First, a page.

Every time I think about firing up an OSR game I run in to a wall with the tradition of restricting races to certain class level limits, excluding them from certain classes, and of course the old school limitations on multiclassing.
Back in the 80's I ran a looser version of D&D, sticking to class/mutliclass restrictions, but ignoring level limits for the most part. When 2nd Edition AD&D arrived it provided rules for ways to alleviate restrictions on demihuman leveling past the "cap," usually by increasing XP. D&D Encyclopedia somehow ignored the issue by adding a letter-based weapon class advancement in. In retrospect it seems amusingly ad hoc and reflective of a determination to stick with tradition by finding weird optional work-arounds for a problem that was inherently arbitrary. By the time D&D 3.0 arrived on scene, the reality of just how arbitrary it all was became blindingly evident.
As I was parsing out Swords & Wizardry Complete for considering an OSR game once more, I was reminded of this problem. Faced with the reality of traditional old school approaches, I was left with the following problem:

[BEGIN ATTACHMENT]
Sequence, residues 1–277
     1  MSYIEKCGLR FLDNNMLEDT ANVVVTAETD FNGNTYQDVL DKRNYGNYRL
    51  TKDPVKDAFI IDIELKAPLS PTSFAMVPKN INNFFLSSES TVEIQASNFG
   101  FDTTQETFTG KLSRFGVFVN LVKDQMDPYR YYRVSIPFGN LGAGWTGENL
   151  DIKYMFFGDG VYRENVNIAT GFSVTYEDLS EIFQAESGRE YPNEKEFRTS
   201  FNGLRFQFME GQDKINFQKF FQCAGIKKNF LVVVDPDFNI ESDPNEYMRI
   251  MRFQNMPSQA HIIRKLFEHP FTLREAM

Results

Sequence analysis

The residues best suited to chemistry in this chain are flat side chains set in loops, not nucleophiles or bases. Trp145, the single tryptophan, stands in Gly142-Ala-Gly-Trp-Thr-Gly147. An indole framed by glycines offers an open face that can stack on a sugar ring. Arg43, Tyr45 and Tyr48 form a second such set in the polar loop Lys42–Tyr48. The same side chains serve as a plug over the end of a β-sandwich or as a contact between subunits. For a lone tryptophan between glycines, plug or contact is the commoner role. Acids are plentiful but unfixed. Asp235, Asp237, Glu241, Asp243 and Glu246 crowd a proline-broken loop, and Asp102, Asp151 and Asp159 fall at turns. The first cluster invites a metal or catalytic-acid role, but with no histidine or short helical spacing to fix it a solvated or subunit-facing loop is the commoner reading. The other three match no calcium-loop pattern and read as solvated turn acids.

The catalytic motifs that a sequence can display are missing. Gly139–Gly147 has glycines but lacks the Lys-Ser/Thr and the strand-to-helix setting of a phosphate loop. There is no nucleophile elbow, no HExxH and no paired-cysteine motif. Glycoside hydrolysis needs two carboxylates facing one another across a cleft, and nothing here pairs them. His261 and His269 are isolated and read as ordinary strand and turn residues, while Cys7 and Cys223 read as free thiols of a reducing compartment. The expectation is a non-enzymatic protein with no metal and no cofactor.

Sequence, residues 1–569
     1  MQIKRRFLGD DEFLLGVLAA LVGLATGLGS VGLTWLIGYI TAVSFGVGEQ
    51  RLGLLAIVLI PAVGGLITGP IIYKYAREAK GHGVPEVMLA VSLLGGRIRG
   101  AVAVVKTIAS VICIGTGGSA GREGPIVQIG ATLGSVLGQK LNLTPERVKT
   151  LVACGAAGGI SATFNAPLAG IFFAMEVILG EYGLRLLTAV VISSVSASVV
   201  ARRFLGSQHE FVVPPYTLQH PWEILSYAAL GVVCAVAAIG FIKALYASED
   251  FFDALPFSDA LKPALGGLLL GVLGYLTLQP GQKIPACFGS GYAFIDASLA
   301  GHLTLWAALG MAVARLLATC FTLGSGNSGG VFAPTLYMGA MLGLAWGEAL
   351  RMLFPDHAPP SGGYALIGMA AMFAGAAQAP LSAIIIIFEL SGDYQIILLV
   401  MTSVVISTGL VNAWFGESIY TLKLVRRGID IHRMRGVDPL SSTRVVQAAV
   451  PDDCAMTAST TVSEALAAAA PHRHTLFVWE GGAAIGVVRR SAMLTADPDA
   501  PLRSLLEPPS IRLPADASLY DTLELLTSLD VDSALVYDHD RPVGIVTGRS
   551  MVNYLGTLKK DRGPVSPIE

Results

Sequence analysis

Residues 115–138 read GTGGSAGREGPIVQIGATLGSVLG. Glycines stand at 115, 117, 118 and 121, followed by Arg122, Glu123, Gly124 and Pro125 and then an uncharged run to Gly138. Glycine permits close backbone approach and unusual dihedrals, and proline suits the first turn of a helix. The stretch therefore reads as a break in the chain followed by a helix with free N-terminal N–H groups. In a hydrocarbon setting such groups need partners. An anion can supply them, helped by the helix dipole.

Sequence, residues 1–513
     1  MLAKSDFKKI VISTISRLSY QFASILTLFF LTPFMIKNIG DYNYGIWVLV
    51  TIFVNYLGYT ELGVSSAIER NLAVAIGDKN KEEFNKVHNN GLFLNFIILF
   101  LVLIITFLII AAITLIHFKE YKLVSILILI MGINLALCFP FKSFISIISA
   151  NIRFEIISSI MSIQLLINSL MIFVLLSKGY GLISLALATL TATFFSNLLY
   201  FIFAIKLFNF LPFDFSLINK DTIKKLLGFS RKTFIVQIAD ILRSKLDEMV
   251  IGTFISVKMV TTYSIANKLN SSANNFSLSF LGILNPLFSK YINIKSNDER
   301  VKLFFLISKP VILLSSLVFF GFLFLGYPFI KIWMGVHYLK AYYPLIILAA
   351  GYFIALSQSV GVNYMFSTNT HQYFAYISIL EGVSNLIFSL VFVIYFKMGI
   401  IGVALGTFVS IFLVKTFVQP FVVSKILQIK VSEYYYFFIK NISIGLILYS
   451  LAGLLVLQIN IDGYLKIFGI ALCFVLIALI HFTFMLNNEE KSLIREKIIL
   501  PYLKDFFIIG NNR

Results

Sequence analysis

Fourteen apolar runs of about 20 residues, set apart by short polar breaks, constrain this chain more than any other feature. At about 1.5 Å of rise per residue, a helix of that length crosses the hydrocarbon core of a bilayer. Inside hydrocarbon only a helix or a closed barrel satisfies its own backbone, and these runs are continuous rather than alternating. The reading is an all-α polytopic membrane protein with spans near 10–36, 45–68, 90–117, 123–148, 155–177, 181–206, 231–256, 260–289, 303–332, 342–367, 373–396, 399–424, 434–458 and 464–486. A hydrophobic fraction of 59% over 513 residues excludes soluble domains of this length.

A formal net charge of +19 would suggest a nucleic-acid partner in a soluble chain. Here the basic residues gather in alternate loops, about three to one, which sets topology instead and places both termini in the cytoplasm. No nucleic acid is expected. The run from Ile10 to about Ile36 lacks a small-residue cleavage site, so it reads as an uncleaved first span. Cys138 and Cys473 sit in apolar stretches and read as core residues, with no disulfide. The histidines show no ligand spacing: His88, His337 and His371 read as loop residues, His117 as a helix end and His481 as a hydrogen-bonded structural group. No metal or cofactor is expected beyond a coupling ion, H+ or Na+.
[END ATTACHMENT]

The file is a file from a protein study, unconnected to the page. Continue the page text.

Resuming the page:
--Do I run the OSR game with my modern sensibilities and simply sweep aside racial/class/level restrictions? Would that really be very OSR if I did?
--Do I adhere to them strictly, and design a setting that expects and enforces them? No elven paladins, no multiclass humans, no 20th level halfling fighters.
Option 2 would make for some fun and highly specific world building....for a bit. But the arbitrary nature of the distinctions in classic AD&D not only don't jive with my world building interests now, I have to remind myself that they didn't back in the 80's, either; these are rules from the original game which I had to houserule out, and as such for me they were never very OSR; I never liked them then, and find it hard to like them now.
But....if I do option one above, then I am faced once more with a different conundrum....why not just run a more modern iteration of the game? And if it's D&D 5E, why not just use the optional gritty mechanics in the DMG to simulate the more restrictive magic elements?
So now I'm back to thinking about ways to use 5E to run the kind of game I want again. Or, of course, Cypher System....the game which caters most closely to my GM style these days, and a system which inherently rewards players with ingenious descriptor/type/focus combinations in a way that a traditional OSR game can't even conceive of.